I haven't read this entire thread yet, but I'm LOVING this discussion. I have read only a little about CL before, but from what you momas have written, it really sounds like the path that I'm trying to tread with my life.

I really agree with the quote above - it really saddens me that so much parenting advice comes from this place of fear. "If you don't wean now, it will be harder later on..." or "if you let him do that, you will be in for trouble..." and on and on. Moma's are questioning their actions hundreds of times a day - thinking "If I do this, then it will become a bad habit" etc

And I really like the quote about "if you don't push them, there's nothing for them to push against". I had been (sometimes still am) struggling with the idea of "setting boundaries" with my toddler ds. It seems like the absolute "must do" for (good) parents of toddlers. But, quite honestly, when we are at home, I feel like there are hardly ever any boundaries to "set" - most often just compromises and creative solutions to be made. There are very few instances where ds' behaviour is "out of line" with what is acceptable. Sure, our place is messier than most people could stand, but, so what? If it gets to me, I clean it up a little. I have noticed a few times that ds has picked up something hard and pointy off the floor because he has stepped on it a few times and noticed how uncomfortable it is... isn't this more worthwhile than having an arbitrary rule about packing up all the time?

Anyway, what I really like (about CL) is enjoying the process of living and having everyone's needs met as best as possible. As for the end product - who knows? There really is no "end product" is there? There will only ever be future "present moments".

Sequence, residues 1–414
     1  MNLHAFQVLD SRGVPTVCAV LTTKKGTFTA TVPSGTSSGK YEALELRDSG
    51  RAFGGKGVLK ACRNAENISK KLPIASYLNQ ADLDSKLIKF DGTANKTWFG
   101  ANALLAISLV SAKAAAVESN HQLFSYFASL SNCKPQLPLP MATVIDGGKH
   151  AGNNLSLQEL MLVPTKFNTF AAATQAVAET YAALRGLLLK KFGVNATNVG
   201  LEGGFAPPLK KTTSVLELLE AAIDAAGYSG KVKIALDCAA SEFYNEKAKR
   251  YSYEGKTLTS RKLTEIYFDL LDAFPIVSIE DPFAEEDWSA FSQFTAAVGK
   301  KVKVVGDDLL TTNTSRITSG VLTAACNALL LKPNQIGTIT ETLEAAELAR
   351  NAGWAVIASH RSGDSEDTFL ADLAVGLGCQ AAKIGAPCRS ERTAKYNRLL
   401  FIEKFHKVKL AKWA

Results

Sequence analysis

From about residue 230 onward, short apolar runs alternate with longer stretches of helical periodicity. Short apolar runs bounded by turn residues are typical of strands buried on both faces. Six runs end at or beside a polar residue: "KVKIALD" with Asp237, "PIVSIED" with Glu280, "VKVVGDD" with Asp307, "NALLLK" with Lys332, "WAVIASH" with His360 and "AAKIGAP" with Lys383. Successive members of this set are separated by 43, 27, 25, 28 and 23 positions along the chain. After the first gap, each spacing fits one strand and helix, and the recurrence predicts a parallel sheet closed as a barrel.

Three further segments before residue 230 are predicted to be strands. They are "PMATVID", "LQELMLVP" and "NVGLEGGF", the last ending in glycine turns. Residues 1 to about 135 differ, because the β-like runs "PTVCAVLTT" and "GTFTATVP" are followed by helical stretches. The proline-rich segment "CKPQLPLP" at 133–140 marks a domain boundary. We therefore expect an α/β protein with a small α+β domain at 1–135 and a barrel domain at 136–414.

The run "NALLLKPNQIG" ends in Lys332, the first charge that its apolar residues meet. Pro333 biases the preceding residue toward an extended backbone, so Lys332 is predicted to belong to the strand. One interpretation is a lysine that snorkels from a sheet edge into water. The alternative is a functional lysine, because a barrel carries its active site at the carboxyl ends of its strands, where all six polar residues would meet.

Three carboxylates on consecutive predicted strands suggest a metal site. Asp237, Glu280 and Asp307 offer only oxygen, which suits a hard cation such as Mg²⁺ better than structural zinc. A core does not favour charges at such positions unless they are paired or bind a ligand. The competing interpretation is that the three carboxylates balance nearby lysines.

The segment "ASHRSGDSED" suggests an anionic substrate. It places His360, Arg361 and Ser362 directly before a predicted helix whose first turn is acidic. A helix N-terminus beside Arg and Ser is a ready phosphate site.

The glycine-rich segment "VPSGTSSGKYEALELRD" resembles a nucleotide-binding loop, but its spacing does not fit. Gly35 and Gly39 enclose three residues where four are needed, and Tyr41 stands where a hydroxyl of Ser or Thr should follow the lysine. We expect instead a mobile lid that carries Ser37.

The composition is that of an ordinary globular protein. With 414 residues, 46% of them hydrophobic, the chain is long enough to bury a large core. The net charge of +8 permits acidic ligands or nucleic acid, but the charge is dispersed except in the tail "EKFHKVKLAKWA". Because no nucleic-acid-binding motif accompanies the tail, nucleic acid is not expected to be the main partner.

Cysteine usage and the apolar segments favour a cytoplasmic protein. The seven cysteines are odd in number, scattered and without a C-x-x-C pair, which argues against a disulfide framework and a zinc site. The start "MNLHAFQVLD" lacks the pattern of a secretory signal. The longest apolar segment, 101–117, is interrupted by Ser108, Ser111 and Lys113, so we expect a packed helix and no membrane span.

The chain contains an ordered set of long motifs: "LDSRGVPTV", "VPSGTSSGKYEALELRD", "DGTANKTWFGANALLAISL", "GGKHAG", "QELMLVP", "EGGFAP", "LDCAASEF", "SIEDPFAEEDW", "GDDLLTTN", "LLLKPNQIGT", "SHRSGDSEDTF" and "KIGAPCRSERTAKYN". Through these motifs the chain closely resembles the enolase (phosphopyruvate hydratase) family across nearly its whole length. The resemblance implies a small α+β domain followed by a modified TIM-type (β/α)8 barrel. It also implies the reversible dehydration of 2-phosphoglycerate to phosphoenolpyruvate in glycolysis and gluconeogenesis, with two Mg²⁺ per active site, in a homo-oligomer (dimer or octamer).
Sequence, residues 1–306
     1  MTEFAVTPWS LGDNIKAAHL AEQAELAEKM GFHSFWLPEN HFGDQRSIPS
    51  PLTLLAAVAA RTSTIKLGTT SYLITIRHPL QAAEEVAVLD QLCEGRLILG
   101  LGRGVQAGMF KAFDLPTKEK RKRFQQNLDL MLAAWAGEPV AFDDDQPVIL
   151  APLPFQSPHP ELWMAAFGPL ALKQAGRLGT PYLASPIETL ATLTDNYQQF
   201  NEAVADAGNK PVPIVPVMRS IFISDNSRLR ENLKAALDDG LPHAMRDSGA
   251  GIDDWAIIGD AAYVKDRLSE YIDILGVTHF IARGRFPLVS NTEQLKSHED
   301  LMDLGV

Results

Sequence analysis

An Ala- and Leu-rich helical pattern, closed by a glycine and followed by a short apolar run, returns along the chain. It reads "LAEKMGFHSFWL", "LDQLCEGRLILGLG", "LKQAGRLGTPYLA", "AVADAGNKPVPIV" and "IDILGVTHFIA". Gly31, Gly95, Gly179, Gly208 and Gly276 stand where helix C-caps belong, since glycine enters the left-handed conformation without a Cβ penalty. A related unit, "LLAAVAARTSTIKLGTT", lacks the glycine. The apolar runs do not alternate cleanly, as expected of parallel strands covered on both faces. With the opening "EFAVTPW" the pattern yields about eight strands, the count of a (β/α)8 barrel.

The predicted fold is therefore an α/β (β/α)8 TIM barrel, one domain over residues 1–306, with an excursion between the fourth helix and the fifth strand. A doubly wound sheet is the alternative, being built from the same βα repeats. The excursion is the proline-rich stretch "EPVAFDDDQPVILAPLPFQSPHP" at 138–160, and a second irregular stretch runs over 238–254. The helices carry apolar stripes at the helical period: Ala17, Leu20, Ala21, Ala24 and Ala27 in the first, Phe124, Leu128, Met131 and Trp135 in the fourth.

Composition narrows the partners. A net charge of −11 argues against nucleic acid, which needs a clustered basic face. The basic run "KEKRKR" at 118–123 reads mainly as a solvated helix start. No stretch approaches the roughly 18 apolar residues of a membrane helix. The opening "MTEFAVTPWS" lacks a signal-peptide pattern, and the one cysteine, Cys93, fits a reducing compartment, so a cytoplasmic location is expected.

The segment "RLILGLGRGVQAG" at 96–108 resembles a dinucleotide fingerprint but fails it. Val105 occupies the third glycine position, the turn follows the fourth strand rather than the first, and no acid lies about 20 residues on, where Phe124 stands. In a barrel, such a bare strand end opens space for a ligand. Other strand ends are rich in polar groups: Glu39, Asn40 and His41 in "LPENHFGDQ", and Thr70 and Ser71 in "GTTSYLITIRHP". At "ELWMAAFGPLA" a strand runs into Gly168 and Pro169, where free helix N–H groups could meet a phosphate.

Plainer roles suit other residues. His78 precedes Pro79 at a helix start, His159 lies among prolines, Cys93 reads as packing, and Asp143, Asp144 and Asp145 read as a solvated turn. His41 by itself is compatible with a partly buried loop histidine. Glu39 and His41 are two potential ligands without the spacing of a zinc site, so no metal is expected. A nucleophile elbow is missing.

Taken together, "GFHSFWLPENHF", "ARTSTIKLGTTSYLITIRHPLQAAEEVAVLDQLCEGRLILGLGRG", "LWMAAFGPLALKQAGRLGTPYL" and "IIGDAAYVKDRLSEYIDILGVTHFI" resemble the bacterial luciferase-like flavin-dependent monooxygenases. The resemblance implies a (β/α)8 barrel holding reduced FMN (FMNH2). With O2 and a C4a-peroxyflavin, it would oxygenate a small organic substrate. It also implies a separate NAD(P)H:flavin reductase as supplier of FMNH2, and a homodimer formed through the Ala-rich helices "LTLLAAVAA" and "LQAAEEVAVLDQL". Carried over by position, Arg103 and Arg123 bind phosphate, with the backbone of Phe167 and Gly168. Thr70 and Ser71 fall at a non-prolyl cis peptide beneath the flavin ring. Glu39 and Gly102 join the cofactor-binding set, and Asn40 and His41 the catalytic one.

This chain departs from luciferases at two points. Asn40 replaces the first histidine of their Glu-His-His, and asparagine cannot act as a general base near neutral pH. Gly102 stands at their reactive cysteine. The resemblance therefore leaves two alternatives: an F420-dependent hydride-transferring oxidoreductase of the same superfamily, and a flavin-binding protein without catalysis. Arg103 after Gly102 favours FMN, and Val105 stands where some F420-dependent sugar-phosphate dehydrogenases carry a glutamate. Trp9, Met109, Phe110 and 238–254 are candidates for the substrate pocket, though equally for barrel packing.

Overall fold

I'm off to read the rest of the thread, and check out that website. Many thanks for starting the discussion by the way!
post #98 of 153
Very interesting thread. I am just comparing the concept to our own lives. In some ways we're very laid back parents. We don't push food on our guy, let him eat what he would like amongst the choices we give him, let him choice what activities he'd like to do when we get home from work, and let him 'free' play instead of trying to turn him into a little genius. When he's older I am not going to put crazy pressure on him in academics or to have enrichment activities 24/7. When it comes down to choosing a career I won't be one of those parents who is dissapointed as long as he is happy.

But at the same time I can't imagine letting an almost two year make the 'right' decision for himself. We'd never get out of the house in the morning. He'd never have a clean diaper. He'd spend all weekend wandering around outside until he collapsed of heat exhaustion. His face would be covered in his last meal.

As for tooth brushing, right now he's too young to understand the consequences. Is is not my responsibility as a parent to protect him from what he doesn't know until he's old enough to understand it himself? To keep him out of pain later.

I guess I am very old school thinking but like is full of situations where you have to do things you might not like. Work can be like that sometimes. I do have a very 'live and let live' sort of boss so I can do what I want as long as I get my job done, but this doesn't always happen. I'd like my guy to be prepared to not consensually live his way under a bridge.